03/06/12 8:00 PM EST
Cantu determined to show what he can do
By Alden Gonzalez / MLB.com
The way Cantu looks at it, he has to. The veteran corner infielder, who signed a Minor League contract with the Angels in January, is really only two years removed from being a consistent run producer but now finds himself trying to find a place in the big leagues.
If a spring injury occurs to the Angels' infield, or Kendrys Morales starts the season on the disabled list, or a trade occurs, the 30-year-old Cantu could get the first crack at the Opening Day roster.
If none of that happens, Cantu feels he can help somebody else.
Cantu, who starred as a second baseman with the Rays in his early years, was a fixture in the middle of the Marlins' batting order for a couple of seasons, hitting 29 homers in '08 and driving in 100 runs in '09. But he struggled with the Marlins and Rangers in 2010, then batted just .194 in 57 games for the Padres last season.
This offseason, though, Cantu played well in the Mexican Winter League, batting .315 with nine homers and 22 RBIs in 26 games, and arrived a week early for Spring Training.
Cantu negotiated an opt-out in his contract for May 1. But he and his girlfriend are expecting a baby boy in June, so Cantu would prefer to know where he's going to spend the foreseeable future by the time the Angels break camp in early April.
And he's hoping it's not in the Minor Leagues.
"I've seen it a lot, guys who do great in Spring Training, and they cannot fit with the team, they trade them right away and they're superstars with that other team," Cantu said. "I never let that out of my mind because I know that can happen. But here it's just a day at a time, and I just have to get after it."
Trumbo's size complicates transition to third
TEMPE, Ariz. -- As a converted first baseman who stands 6-foot-4, Mark Trumbo will face two major challenges in his quest to become an adequate Major League third baseman -- slow rollers and balls hit to his left.
Slow rollers and bunts could be tough for somebody Trumbo's size, and first basemen hardly ever field grounders to their left-hand side.
Trumbo worked on mainly those two plays Tuesday, with bench coach Rob Picciolo hitting live fungos -- meaning he stands in the batter's box and hits soft tosses to simulate how a ball would come at him in a game -- and infield coach Alfredo Griffin in his ear.
"We're just trying to make him aware of the position," Griffin said. "We're not looking for anything right now, just trying to make him comfortable over there and get him used to the position. It's tough -- the guy's never played the position -- for you to try to tell him to do things right away without him knowing what he's doing."
As far as his running program, Trumbo is making cuts around the infield and should progress toward running the bases soon, in hopes of possibly getting into games by the end of this week.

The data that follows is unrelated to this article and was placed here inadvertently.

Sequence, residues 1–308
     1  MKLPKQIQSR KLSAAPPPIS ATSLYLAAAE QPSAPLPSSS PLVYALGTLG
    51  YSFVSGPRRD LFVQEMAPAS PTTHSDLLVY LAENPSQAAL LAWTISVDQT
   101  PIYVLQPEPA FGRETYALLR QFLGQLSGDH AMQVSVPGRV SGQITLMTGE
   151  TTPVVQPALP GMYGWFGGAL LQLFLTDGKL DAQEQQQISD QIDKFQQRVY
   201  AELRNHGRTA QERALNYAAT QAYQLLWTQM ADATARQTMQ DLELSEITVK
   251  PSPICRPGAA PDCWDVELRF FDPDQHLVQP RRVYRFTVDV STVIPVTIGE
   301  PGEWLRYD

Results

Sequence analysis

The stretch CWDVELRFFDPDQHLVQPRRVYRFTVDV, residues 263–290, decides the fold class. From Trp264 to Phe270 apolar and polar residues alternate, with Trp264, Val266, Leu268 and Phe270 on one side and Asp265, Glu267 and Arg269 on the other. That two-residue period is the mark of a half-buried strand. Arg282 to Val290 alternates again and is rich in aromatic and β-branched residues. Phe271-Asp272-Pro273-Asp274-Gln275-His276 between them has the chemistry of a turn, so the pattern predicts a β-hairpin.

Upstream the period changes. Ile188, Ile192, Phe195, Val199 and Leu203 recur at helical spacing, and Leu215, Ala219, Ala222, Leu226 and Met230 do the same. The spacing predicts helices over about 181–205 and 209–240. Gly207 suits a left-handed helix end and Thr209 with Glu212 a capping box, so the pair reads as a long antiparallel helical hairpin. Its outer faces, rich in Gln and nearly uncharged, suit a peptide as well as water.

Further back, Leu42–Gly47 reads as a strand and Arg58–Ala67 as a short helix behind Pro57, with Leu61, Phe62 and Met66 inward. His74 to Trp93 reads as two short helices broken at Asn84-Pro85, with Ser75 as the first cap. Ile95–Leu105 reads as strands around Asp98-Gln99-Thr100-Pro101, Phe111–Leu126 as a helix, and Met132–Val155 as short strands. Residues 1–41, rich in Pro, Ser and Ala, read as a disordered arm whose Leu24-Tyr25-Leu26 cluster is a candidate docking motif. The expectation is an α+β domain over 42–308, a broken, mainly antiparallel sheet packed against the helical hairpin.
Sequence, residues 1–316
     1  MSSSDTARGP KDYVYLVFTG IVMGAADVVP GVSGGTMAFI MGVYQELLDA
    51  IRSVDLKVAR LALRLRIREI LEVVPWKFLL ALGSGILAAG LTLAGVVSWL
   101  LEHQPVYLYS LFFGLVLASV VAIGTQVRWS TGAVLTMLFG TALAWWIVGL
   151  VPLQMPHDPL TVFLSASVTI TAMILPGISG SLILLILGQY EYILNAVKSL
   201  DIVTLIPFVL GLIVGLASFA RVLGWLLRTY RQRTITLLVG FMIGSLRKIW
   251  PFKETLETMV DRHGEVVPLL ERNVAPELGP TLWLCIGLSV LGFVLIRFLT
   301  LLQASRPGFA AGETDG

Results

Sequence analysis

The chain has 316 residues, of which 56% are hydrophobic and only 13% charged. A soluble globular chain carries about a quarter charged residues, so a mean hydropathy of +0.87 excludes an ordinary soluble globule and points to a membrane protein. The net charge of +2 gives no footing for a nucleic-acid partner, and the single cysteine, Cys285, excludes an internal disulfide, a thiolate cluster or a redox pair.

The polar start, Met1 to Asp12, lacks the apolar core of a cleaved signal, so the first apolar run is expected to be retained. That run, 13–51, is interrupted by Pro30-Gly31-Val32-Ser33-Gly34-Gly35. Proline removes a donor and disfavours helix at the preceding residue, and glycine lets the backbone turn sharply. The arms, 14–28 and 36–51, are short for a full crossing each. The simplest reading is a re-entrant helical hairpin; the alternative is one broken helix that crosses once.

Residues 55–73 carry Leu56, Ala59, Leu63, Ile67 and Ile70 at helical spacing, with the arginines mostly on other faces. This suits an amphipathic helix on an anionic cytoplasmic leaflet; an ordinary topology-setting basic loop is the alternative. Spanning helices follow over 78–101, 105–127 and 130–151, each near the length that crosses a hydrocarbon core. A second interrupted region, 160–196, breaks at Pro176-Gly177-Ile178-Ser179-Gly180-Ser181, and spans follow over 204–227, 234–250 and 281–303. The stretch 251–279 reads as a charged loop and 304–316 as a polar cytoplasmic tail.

"I feel perfect," Trumbo said Tuesday.
"I don't think he's that far behind," Angels manager Mike Scioscia added. "You want him to get a little bit under his legs before you're comfortable putting him in games on the offensive side. Right now on the defensive side, he's ready to get in games."
Walden letting fans suggest entrance music
TEMPE, Ariz. -- Jordan Walden isn't sure what should blare from the Angel Stadium speakers when he comes out for the ninth inning this season, so he's hoping the fans can help.
Via FOX Sports West, the Angels' second-year closer is using Facebook to get fans to list suggestions for his entrance music this year.
"It's something I really wanted to do because I really don't know," Walden said. "I was thinking to myself what I wanted to come up to, so I felt like it could be better if I had a list of songs."
Last year, for his first full season in the big leagues, Dan Haren picked a Rob Zombie song -- "Dragula" -- for Walden's walk-up music, and now Walden wants to switch it up. He likes hip-hop (Jay-Z, Lil Wayne, Eminem), and since he's from Texas, he has an affinity for country music (Tim McGraw, Zac Brown Band, Blake Shelton).
But Walden wants "something that's going to get me going and get the fans going," and he realizes some more heavy metal may be best for that.
"When one sticks, it sticks, I guess," said Walden, who isn't sure about any deadlines for suggestions. "I'm just looking for the right one. I want to see what the fans have to say, see what they can come up with."
Bobby Abreu, who was scratched from Monday's lineup because of flu-like symptoms, was back in the Angels' clubhouse Tuesday and said he felt better. Manager Mike Scioscia expects him to be in the lineup on Wednesday.
Albert Pujols has hit with a runner on base in four of his first six plate appearances with the Angels. He's 3-for-5 with two runs scored, two doubles, an RBI and a walk.
First-base umpire Chris Guccione left the game after the top of the seventh, when Trevor Bell's attempted pickoff throw caught him in the leg.
Vernon Wells, who finished 0-for-2 on Tuesday, has drawn walks in back-to-back games. He did that only once during the regular season last year -- June 8 and 10.
Alden Gonzalez is a reporter for MLB.com. Read his columns and his blog, Gonzo and "The Show", and follow him on Twitter @Alden_Gonzalez. This story was not subject to the approval of Major League Baseball or its clubs.